Related chapters from BP7e: Chapter 4: The Chemistry of Behavior: Neurotransmitters and Neuropharmacology; Chapter 7: Life-Span Development of the Brain and Behavior
Related chapters from MM:Chapter 4: The Chemistry of Behavior: Neurotransmitters and Neuropharmacology; Chapter 13: Memory, Learning, and Development
Link ID: 4684 - Posted: 06.24.2010

By THOM SHANKER with WILLIAM J. BROAD WASHINGTON, — The Defense Department sprayed live nerve and biological agents on ships and sailors in cold war-era experiments to test the Navy's vulnerability to toxic warfare, the Pentagon revealed today. The Pentagon documents made public today showed that six tests were carried out in the Pacific Ocean from 1964 to 1968. In the experiments, nerve or chemical agents were sprayed on a variety of ships and their crews to gauge how quickly the poisons could be detected and how rapidly they would disperse, as well as to test the effectiveness of protective gear and decontamination procedures in use at the time. Hundreds of sailors exposed to the poisons in tests conducted in the 1960's could be eligible for health care benefits, and the Department of Veterans Affairs has already begun contacting those who participated in some of the experiments, known as Project Shipboard Hazard and Defense, or SHAD. Copyright 2002 The New York Times Company

Related chapters from BP7e: Chapter 4: The Chemistry of Behavior: Neurotransmitters and Neuropharmacology
Related chapters from MM:Chapter 4: The Chemistry of Behavior: Neurotransmitters and Neuropharmacology
Link ID: 2129 - Posted: 06.24.2010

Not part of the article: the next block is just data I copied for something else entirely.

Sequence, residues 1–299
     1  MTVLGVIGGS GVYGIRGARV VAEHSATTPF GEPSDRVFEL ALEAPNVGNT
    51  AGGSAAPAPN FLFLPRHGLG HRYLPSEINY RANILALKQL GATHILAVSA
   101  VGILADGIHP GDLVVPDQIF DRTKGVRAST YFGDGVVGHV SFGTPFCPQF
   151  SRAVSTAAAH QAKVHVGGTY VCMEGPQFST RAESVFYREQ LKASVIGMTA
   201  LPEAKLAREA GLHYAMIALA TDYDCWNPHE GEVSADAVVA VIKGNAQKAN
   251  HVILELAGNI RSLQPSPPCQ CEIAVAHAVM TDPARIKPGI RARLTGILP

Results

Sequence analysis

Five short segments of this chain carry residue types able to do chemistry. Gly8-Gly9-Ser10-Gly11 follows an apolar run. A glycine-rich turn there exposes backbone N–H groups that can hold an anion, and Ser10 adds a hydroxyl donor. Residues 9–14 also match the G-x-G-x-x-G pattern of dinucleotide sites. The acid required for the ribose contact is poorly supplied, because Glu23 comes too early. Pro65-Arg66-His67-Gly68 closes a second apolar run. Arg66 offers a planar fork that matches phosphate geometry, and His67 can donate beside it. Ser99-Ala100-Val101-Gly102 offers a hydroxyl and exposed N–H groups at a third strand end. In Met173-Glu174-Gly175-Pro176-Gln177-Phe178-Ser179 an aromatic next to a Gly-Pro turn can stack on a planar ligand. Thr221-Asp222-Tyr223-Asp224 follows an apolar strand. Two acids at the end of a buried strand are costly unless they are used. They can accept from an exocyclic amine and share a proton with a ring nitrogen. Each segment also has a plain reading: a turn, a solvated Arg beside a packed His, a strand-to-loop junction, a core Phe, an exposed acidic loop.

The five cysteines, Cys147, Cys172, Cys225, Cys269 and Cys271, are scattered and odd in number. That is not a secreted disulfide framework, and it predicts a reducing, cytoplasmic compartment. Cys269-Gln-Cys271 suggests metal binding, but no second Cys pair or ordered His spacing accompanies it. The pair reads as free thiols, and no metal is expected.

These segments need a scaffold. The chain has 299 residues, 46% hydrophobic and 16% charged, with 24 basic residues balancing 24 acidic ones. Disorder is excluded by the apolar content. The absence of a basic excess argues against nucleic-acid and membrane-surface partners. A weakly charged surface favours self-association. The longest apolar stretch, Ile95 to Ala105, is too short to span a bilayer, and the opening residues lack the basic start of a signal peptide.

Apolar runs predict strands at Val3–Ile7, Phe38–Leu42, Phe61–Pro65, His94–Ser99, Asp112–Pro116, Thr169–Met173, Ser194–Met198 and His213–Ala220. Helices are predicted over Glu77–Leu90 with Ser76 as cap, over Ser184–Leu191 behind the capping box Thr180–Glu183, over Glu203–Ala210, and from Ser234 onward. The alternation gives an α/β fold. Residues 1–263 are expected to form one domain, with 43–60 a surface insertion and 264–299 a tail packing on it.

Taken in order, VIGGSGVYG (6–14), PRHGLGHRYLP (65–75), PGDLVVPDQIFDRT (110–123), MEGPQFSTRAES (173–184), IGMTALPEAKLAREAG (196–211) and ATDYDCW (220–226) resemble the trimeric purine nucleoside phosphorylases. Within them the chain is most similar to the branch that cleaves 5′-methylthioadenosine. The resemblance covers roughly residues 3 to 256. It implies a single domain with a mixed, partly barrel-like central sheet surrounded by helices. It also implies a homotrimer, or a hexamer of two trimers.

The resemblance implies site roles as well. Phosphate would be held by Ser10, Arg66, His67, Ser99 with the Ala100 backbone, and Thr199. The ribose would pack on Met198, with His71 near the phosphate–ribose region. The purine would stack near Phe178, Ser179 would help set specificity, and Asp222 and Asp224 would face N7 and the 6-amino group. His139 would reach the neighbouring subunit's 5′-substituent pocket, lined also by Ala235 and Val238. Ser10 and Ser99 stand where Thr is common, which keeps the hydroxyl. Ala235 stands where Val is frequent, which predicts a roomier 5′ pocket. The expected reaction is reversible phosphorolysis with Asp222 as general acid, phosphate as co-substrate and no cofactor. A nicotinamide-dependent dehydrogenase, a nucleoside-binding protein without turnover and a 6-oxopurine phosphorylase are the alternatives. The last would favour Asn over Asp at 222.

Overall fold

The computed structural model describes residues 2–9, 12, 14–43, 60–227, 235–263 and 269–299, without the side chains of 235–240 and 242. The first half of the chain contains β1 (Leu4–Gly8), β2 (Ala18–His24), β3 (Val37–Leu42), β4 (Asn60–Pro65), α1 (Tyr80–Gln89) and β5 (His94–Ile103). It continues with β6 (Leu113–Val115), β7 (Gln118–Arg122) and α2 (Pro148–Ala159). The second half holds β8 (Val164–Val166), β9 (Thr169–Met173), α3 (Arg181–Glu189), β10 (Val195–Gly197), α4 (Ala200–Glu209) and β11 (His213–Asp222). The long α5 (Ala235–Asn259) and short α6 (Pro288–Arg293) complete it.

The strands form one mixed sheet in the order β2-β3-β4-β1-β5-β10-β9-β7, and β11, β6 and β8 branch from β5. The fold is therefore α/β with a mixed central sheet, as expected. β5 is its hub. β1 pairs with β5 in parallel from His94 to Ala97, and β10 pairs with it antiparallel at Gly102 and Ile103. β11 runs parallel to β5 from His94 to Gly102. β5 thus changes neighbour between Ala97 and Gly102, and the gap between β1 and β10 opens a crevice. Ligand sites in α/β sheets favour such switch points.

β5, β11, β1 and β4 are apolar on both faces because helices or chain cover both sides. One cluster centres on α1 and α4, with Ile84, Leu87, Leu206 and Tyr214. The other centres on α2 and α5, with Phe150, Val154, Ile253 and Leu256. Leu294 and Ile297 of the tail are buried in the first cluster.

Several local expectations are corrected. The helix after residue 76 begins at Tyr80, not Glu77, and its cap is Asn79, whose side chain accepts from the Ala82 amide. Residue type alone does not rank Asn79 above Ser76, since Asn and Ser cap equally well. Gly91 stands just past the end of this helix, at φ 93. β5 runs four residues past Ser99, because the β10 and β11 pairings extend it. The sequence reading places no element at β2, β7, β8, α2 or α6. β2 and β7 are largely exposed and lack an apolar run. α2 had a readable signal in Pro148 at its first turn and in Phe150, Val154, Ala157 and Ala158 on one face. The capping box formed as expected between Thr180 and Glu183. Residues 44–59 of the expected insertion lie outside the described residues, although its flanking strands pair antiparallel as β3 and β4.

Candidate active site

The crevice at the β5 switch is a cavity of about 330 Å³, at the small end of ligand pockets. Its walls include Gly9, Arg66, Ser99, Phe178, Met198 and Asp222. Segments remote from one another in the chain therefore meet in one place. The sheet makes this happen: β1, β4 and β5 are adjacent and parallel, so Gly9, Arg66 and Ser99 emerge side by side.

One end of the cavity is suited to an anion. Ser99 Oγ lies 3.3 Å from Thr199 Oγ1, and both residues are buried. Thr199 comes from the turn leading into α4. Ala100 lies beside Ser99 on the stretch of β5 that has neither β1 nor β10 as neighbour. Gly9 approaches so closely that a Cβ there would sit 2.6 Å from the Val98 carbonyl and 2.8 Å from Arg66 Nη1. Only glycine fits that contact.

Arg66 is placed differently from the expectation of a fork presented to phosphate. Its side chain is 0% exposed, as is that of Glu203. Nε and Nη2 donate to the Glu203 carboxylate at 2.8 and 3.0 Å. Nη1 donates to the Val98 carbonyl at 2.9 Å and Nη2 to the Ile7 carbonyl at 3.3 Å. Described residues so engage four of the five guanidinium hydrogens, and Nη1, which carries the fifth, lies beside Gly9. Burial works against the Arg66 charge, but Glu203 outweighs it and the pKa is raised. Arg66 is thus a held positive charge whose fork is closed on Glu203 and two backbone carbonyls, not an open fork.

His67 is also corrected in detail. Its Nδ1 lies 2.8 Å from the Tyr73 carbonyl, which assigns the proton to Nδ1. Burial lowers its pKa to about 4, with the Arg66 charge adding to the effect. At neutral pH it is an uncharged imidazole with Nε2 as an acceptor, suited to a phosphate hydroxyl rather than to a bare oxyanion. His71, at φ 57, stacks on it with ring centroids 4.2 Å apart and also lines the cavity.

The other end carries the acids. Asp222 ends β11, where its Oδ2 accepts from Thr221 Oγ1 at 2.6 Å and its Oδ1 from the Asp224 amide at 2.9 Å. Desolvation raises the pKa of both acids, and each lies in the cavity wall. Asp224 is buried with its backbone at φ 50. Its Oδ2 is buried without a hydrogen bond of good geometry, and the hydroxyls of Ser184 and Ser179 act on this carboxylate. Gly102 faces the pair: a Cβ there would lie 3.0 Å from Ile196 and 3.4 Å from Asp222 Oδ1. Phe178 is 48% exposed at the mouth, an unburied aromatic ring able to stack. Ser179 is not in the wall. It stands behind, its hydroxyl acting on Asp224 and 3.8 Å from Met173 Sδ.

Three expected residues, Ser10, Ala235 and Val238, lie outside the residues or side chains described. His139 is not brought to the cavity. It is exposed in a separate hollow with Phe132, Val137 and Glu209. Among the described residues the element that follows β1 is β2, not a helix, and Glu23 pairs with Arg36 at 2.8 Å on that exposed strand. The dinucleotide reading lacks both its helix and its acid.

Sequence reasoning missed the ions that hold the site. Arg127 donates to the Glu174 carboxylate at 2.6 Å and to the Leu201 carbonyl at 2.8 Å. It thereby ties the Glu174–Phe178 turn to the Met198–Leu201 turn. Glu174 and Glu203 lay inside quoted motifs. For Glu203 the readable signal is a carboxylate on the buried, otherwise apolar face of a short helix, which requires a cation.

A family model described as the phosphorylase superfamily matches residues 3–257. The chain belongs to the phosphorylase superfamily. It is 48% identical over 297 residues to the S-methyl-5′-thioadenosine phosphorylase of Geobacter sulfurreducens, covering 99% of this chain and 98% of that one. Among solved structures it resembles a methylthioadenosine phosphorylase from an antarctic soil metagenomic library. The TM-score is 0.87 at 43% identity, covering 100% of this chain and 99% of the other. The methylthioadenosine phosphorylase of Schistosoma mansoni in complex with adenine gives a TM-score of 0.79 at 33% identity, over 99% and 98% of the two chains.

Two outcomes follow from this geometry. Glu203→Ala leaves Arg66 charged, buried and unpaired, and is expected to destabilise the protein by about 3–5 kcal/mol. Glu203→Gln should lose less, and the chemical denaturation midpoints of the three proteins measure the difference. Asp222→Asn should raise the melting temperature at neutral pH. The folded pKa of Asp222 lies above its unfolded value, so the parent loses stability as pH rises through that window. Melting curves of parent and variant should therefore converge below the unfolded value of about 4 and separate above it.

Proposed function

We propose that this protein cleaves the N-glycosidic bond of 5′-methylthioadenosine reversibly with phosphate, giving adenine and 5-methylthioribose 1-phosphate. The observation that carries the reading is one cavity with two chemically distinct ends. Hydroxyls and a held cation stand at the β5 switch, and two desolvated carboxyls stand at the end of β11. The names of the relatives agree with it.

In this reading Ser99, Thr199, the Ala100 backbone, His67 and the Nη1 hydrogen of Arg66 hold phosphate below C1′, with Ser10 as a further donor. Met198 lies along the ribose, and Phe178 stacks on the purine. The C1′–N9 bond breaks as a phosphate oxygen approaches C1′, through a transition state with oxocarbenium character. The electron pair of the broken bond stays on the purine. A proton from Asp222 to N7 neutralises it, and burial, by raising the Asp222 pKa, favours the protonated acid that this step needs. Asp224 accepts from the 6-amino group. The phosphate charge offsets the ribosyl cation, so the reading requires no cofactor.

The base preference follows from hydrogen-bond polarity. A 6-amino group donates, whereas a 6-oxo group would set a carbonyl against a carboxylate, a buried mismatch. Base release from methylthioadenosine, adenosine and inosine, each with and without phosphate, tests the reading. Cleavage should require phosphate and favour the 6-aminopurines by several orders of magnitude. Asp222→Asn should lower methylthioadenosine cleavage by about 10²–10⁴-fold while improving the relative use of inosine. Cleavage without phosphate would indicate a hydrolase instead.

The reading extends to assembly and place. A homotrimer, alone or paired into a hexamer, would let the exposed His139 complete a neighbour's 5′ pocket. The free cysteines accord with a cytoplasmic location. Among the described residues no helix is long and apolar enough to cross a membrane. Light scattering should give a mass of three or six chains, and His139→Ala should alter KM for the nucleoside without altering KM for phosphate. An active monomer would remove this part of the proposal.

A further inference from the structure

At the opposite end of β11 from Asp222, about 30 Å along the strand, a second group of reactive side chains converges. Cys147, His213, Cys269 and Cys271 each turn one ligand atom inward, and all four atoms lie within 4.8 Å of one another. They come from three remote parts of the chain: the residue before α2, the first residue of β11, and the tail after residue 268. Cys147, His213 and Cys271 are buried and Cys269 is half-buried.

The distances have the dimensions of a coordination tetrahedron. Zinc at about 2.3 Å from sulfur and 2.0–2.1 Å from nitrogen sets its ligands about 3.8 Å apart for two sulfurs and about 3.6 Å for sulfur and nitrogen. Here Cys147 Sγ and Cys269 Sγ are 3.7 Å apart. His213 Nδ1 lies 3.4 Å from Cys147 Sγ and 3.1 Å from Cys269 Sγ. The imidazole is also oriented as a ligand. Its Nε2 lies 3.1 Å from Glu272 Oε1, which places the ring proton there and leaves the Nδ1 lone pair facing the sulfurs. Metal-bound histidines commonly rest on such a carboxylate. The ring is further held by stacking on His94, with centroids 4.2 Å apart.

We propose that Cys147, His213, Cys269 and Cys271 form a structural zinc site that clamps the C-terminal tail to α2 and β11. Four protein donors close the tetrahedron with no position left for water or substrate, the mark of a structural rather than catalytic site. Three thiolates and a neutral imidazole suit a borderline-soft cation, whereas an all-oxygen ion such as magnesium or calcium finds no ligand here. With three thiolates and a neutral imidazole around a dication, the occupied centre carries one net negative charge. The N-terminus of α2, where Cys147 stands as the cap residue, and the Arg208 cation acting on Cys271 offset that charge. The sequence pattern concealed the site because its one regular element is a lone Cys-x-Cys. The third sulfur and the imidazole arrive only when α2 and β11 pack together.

By JODI WILGOREN HERCULANEUM, Mo., Jan. 18 — Carol Miller's family lives in the world of no. No playing on the swing set until someone washes off the black dust. No barbecues at Grandma's, where the view from the picnic table is of an enormous slag pile. No digging in the backyard. No using the ceiling fan or opening windows in the Millers' cramped house here in the shadow of the nation's largest lead smelter, whose 550-foot smokestack towers over this Mississippi River town 30 miles south of St. Louis. Copyright 2002 The New York Times Company

Related chapters from BP7e: Chapter 4: The Chemistry of Behavior: Neurotransmitters and Neuropharmacology
Related chapters from MM:Chapter 4: The Chemistry of Behavior: Neurotransmitters and Neuropharmacology
Link ID: 1370 - Posted: 06.24.2010

Although the omega-3 fatty acids found in fish are well known for their health benefits, many fish are also the primary source of mercury in the general population. Researchers from the Johns Hopkins Bloomberg School of Public Health recently completed the first study of mercury and cognitive function in urban, U.S. adults between the ages of 50 and 70 years. They found that blood mercury levels were not consistently associated with adverse performance on a broad range of tests of cognitive function. This study may help policy makers with future decisions about mercury emissions from power plants as well as fish consumption recommendations for older adults. The study is published in the April 20, 2005, issue of the Journal of the American Medical Association (JAMA). “Our study provides no evidence to challenge the government’s current recommendations for blood mercury levels, but neither does it indicate that they are safe. The key point is that the aging population may be more sensitive to toxic chemicals and this is the first study to examine mercury exposure in the older U.S. population,” said Megan Weil, MHS, lead author of the study and a PhD-candidate in the Bloomberg School of Public Health’s Department of Environmental Health Sciences. © 2005, Johns Hopkins University.